How Body Fat Hurts your Brain

Elise Brett, MD, FACE, ECNU

It’s a fact: Being overweight is bad for your brain.

How Body Fat Hurts your Brain

Compared with normal weight individuals, people who are overweight in midlife have a 30 percent greater risk of developing dementia (memory loss and decreased cognitive function) such as Alzheimer’s disease later in life. Not only that, but obesity is associated with smaller brain sizes and decreased cognitive function in middle-aged people.

Besides high body mass index (BMI, a measure of body fat based on an individual’s height and weight), central obesity (large waist circumference) is also associated with dementia and so is type 2 diabetes, which is more common in people who are overweight or obese. People with type 2 diabetes have twice the risk for dementia and, as a group, perform worse than people without diabetes on tests of cognitive function on memory.

While it is possible that certain factors other than fat mass are at play, such as high-fat, high-calorie diets, lack of intake of certain vitamins or other nutrients and higher alcohol use, there is mounting evidence that fat itself affects the brain. Scientists used to believe that fat mass was an inactive reserve of body tissue. We now know that fat is an active endocrine organ that secretes numerous substances that have an effect on the rest of the body. These substances are called “adipocytokines,” [ad'i-pō-sīt-o-kīns] and are involved in metabolism and inflammation.

Many such substances may play a role in the development of dementia, but the two with the most convincing scientific evidence are “adiponectin” [ad'i-pō-nek'tin] and “leptin.” Adiponectin is involved in the regulation of energy expenditure, sugar metabolism and fat metabolism and is higher in thin individuals. Adiponectin blocks production of inflammatory “cytokines” [si-to-kins] and has been shown to have effects on protecting the brain. Rats who do not make adiponectin have been shown to be more susceptible to strokes.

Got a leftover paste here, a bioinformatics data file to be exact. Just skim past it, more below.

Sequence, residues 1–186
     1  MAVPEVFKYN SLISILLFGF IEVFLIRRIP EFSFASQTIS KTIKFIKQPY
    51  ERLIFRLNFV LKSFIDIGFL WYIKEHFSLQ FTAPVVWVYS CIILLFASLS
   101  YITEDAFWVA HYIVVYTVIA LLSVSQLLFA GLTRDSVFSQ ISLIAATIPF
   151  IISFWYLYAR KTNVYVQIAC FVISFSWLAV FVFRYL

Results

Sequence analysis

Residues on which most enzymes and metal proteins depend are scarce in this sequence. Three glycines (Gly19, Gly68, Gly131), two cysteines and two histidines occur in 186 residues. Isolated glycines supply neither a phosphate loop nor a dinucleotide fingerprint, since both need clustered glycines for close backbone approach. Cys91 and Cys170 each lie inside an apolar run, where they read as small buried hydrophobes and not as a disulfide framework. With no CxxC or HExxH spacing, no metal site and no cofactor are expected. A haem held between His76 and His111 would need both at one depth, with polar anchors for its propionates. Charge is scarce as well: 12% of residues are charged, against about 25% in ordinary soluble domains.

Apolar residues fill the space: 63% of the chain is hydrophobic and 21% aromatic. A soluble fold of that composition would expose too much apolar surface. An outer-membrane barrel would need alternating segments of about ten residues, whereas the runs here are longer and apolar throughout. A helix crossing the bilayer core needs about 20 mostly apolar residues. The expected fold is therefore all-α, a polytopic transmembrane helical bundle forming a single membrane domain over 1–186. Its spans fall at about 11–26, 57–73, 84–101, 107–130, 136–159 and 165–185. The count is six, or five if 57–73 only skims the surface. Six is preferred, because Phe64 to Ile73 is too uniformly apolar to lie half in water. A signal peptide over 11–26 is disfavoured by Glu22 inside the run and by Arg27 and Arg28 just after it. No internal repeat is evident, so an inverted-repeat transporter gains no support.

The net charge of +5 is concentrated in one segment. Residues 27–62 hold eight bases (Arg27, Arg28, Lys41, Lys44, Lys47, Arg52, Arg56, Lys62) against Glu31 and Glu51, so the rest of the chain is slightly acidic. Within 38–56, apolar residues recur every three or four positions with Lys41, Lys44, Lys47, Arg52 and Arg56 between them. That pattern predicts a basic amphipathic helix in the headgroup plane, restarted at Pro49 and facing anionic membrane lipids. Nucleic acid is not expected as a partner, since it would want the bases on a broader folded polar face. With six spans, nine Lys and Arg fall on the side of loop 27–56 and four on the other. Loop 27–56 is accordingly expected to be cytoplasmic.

Leptin is involved in the long-term control of body weight. New evidence shows that leptin also probably plays a role in memory, nerve growth, nerve protection and brain structure. Leptin improves nerve survival and slows nerve damage in animals with dementia. Giving leptin directly to mice brains improves their memory. People with obesity have high leptin levels, but also have leptin “resistance,” so the normally protective actions of leptin are not as effective. It has also been shown that in obese people, leptin may not reach the brain in adequate levels.

Thus, there is increasing evidence for a direct causal role of fat mass in the development of dementia. As our country’s population lives longer and simultaneously becomes fatter, obesity-related dementia may present a substantial public health problem. Treatments for dementia are only minimally effective, yet another reason to try to achieve and maintain healthy weight in midlife.

Dr. Elise M. Brettis Associate Clinical Professor at the Icahn School of Medicine at Mount Sinai and is in private practice specializing in Endocrinology and Metabolic Support in New York City. Dr. Brett completed her undergraduate education at the University of Michigan, received her medical degree from Mount Sinai School of Medicine, and completed her internal medicine residency and fellowship in endocrinology and metabolism at The Mount Sinai Hospital. She is board certified in endocrinology and metabolism